Salesman of all stripes will understate the risk of a project, especially transitioning to their product. Balance the salesperson’s pitch with criticism from other sources, and be sure to search out real critics before you buy the hype or the product.
Silence can be golden. When the software support team reports few tickets and fewer change requests, this is not an indictment of the tool. Appreciate that your customers like what they have and use it without incident. Don’t assume that a mature application is begging for an update. Don’t take silence as an indictment of your support team, or give in to the “do something” disease. If the software is humming along nicely, let them join in software testing for other groups or catch up on training instead of jumping to the conclusion that they need to revamp the tool.
Seth Klarman says that the stock market is a tug of war between greed and fear. When it comes to pushing the envelope, customers need a proper dose of fear when they encounter a contractor or supplier’s greed. When someone says, “Sure, we can do that, though we’ve never really done it before,” warning klaxons should roar. You should never volunteer to become a guinea pig to a software firm paid to develop a new application, with your company’s IT functionality on the line if they make mistakes. If no one on the market currently has a software interface or tool that does what you need, you’ll receive eager bids to do the work, but it is your responsibility to counterbalance it with a healthy dose of skepticism to manage the risk. Don’t forget to listen to those who voice fears so that you can properly manage the risks.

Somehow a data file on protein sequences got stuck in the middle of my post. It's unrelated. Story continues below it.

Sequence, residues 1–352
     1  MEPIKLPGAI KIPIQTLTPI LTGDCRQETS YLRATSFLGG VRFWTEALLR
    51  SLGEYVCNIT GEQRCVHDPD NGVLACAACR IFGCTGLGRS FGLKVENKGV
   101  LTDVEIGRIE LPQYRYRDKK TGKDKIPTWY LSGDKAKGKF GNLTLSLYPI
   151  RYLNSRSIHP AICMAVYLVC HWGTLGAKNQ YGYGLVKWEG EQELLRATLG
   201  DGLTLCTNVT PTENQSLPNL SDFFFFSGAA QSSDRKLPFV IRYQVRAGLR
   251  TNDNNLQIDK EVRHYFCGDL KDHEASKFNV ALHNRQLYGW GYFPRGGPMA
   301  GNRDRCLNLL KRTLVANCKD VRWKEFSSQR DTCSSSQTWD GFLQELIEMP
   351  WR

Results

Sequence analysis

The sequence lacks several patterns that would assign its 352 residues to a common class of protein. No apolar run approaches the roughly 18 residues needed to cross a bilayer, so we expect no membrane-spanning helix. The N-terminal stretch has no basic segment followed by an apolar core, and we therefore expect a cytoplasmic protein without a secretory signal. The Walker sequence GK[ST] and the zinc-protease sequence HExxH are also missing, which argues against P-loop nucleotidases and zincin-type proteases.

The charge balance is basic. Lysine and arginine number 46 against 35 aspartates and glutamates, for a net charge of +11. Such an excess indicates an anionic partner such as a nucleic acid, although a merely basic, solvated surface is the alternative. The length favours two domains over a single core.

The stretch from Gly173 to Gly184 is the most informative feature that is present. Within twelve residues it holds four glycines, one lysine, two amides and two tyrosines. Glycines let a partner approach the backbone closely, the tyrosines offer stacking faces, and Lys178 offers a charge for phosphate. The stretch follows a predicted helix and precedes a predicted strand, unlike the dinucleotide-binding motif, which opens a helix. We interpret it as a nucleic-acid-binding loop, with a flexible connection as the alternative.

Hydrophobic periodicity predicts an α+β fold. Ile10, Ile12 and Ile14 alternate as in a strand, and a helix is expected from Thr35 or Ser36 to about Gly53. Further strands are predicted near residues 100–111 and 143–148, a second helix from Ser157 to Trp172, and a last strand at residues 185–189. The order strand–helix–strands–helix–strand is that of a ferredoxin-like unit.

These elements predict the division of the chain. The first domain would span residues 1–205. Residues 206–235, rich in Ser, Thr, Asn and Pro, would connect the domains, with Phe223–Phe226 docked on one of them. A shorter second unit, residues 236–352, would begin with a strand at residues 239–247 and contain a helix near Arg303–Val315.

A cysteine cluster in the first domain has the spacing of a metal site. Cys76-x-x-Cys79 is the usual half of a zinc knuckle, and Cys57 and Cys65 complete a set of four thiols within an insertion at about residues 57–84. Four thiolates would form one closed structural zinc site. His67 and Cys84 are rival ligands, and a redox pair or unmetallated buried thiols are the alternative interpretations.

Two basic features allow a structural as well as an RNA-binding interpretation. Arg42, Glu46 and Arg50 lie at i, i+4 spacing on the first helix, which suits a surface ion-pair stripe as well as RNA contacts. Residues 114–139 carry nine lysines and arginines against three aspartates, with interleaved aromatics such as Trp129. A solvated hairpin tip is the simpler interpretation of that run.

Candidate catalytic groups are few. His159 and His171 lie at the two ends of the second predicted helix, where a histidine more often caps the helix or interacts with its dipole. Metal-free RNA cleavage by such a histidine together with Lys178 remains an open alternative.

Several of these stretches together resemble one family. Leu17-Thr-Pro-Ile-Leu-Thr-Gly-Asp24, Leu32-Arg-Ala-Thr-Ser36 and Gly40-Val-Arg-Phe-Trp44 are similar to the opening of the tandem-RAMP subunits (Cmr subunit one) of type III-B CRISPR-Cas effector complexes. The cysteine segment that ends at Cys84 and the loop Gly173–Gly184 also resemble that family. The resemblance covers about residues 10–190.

Have your IT gurus participate in beta testing of the next generation of a software application, long before you consider purchasing or installing it. Consider it an investment in both in house expertise and improving the vendor’s product without paying for patches or bug fixes. And listen to their opinions of the software. Don’t just go out and buy software or start re-planning your IT infrastructure due to a team or manager wowed by a demo.